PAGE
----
September 2014

September 2014 
Blog of Education
Philosophy of Protection

I’m never surprised how often martial arts training comes up while teaching wilderness survival courses. It’s only logical to extend your survival training from the woods to the wilds of everyday life. After all, most of us spend more time living and working around the home and in cities than we do recreating in the great outdoors. It just makes sense to know how to protect yourself at all times if you claim to take interest in protecting yourself in the outdoors. How ridiculous, impractical and ignorant does this sound, “I know how to survive in the wild but I don’t know how to throw a punch”? Better yet, “I can forage and provide for my family but I can’t protect them at home”.

Guro Kevin Estela teaching Sayoc Kali in the UK at Sama Sama 2013

Guro Kevin Estela teaching Sayoc Kali in the UK at Sama Sama 2013

About this time last year, I started thinking about how there are universal rules to protection and how these apply to both wilderness and urban/suburban settings. I wrote them down and first presented them at a seminar at my buddy Guro Todd Jensen’s school, IPD in Tolland, CT. Many of these rules are those I’ve learned from my instructors in Sayoc Kali and Brazilian Jiu Jitsu. Some are from my experiences as an Instructor with the WLC, some as a Coach and others are those I’ve adopted from friends with very interesting and often unmentionable backgrounds.

As the summer winds down, I find myself writing non-stop and lining up courses for the fall, I plan on sending EWE instruction in a new direction to expand my base. I’m following the interest generated by recent tragic events and sharing with my students what I practice on a daily basis being proactive in defending who and what I value.

Estela Wilderness Education Survival and Defensive Shotgun Seminar

EWE Founder/Head Instructor Kevin Estela running a course of fire with Jerry Y.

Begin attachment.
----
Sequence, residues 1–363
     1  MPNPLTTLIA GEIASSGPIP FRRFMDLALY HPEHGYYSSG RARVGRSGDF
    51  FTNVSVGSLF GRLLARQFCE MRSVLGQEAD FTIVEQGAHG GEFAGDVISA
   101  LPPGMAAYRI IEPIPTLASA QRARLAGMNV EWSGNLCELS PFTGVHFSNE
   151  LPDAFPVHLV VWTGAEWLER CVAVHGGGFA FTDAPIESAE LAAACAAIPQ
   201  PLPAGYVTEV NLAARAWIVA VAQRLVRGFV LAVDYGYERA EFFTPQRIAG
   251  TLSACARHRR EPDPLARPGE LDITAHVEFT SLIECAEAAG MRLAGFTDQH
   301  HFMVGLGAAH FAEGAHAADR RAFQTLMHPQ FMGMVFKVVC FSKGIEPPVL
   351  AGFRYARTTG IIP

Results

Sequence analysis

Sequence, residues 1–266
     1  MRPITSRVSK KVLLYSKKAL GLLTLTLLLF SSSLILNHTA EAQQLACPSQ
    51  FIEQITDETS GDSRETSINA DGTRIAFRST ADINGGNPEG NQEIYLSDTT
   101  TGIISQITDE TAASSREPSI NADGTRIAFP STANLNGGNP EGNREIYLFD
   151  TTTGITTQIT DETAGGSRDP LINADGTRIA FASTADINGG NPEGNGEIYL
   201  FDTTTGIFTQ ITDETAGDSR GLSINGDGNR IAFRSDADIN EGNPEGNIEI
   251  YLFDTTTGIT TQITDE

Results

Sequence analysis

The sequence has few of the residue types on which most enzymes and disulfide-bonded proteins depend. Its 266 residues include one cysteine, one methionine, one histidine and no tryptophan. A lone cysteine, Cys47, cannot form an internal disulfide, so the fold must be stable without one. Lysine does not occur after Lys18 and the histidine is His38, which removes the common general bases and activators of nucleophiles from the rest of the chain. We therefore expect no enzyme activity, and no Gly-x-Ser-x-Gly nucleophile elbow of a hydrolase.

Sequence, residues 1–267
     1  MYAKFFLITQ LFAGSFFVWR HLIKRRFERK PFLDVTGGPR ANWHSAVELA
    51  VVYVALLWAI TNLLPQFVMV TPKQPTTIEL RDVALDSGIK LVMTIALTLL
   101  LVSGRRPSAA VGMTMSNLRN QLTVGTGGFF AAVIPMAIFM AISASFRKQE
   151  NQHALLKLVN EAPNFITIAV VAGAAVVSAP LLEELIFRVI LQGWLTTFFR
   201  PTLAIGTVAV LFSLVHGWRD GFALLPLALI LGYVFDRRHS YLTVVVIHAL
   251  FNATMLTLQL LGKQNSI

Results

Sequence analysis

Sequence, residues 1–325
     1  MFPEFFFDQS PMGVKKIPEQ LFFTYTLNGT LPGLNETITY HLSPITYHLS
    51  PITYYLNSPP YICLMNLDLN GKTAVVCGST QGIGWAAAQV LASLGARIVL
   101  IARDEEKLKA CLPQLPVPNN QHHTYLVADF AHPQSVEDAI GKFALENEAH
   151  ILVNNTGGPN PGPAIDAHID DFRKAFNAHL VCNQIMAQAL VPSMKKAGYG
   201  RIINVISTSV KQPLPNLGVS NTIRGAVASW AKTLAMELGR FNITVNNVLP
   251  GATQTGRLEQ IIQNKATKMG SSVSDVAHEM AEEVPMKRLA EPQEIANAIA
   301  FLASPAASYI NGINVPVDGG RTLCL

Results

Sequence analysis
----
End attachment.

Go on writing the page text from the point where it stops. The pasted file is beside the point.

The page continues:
This is the Estela Wilderness Education Philosophy of Protection
Adopted October 3, 2013

1. Know your limits, test yourself and leave your ego at the door.

2. Be strong in mind, body, soul, finances, family and friends.

3. Train as you are (with what you have on you and what you’re wearing.)

4. Prepare to your ability and packing accordingly.

5. One is none, two is one and where there is one there is two.

6. Mind your surroundings and be aware.

7. Utilize all available resources.

8. Movement is life and stances are overrated.

9. Defense alone cannot win a fight.

10. You decide how and when the fight the ends.

11. Know how to run but be willing to return.

12. Not all fights are physical.

13. When seconds count, help is minutes away.

14. Win battles beyond surviving them.

15. Your house is your home. Keep problems from it.

These ideas, taken on face value are easy to understand. However, look for the deeper meaning behind each. For example, the final idea “Your house is your home. Keep problems from it” can be interpreted in many ways since “problems” manifest themselves in many forms including financial, emotional and physical. These are the beliefs that fuel the new American Survival Skills seminars I’m running. If you find them to ring true with you, let me know. If you find them useful, let me know. If you want to learn more, let me know. If you value them and stand by them as well, please share this page on your social media and let others know how you feel.

Thanks for reading!

Kev